The observed survival time for patients with malignant hemoptysis is consistent with previously reported values.[18,20,21] Cause of death in the present analysis for either group was not explored, though the decreased survival time in the malignant hemoptysis cohort was likely related to their underlying disease process.[10] As expected, with regard to overall survival time, there was a significant difference of 911.6 days (1359 vs. 447.4 days, P = 0.005) between the benign and malignant groups, corresponding with an increase in overall mortality (48.4% vs. 69.0%, P = 0.07), which is a likely function of the underlying disease process. From the Kaplan– Meier survival curve, there was no short-term difference in mortality within 30 months post-procedure, suggesting no procedure-specific increase in mortality for patients with malignancy. Divergence in between 30 and 33 months is likely secondary to disease progression in the malignant group [Figure 2a]. Of the 14 patients with stage IV NSCLC, the median survival of patients post-BAE (5.7 months) is similar to the data reported in the literature of patients with stage IV NSCLC presenting with hemoptysis.[22]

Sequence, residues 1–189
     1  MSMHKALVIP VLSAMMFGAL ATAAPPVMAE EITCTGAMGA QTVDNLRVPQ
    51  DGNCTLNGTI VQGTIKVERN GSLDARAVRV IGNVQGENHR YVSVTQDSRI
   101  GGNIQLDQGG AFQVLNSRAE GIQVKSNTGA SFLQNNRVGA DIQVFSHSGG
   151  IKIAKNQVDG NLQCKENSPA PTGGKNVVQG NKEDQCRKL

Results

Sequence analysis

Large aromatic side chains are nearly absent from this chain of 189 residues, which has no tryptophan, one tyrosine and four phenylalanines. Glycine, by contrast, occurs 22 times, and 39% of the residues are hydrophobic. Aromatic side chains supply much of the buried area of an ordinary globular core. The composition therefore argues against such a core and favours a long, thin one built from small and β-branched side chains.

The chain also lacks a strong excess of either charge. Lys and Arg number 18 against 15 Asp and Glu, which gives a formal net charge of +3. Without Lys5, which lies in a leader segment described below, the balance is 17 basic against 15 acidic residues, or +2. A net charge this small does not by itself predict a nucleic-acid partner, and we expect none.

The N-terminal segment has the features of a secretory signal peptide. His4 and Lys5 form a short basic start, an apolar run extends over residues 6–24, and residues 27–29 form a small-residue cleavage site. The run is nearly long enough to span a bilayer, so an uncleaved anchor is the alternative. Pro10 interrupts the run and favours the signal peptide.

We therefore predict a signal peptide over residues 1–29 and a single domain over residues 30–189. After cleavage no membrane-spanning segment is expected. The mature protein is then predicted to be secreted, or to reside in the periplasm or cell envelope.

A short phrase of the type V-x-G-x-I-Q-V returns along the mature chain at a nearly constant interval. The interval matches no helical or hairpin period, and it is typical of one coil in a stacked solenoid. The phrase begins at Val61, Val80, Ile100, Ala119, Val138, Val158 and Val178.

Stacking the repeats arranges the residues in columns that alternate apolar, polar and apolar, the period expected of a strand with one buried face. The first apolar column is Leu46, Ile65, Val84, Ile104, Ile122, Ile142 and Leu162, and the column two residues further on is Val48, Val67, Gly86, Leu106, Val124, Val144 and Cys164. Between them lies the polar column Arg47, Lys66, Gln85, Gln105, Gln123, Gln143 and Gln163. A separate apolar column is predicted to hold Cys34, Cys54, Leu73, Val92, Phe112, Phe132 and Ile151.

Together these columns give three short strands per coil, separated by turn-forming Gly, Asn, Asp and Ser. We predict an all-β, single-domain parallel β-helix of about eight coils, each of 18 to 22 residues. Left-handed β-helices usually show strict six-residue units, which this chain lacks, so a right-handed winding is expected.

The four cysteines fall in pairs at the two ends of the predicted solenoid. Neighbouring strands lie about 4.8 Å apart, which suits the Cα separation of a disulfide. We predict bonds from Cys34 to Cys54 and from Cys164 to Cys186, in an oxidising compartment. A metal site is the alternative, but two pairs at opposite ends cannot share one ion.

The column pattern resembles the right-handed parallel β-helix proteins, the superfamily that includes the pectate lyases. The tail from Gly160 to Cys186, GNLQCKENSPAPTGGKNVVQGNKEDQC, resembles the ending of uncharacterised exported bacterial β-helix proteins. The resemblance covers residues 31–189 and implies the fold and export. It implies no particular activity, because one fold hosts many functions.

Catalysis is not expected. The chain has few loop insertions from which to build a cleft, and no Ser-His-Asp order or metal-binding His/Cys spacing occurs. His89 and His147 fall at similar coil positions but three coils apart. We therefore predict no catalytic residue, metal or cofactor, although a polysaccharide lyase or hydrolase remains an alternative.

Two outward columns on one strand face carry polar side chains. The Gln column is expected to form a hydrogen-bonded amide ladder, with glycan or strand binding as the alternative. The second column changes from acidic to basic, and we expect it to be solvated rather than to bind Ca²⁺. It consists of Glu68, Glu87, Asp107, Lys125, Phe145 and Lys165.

Further support for the efficacy of BAE in malignancy is demonstrated by the limited need for endovascular intervention in the form of re-embolization. As demonstrated in [Figure 2b], there was no statistically significant difference in re-embolization-free survival between the benign and malignant cohorts. Only one person with primary pulmonary malignancy required re-embolization of the same artery, comprising of only 4.3% of the cases of re-embolization in our study. Hemoptysis due to metastatic lung malignancy was more likely to undergo re-embolization compared to primary pulmonary neoplasms (33.3% vs. 4.5%). This finding is likely explained by multifocal tumor burden, as all four reinterventions (100%) due to metastatic malignancy were at different arteries, suggesting different tumor sites were being embolized per intervention.[11] Patients who required re-embolization had similar overall mortality outcomes compared to patients who did not receive re-embolization (57.1% vs. 60.9%, P = 0.746).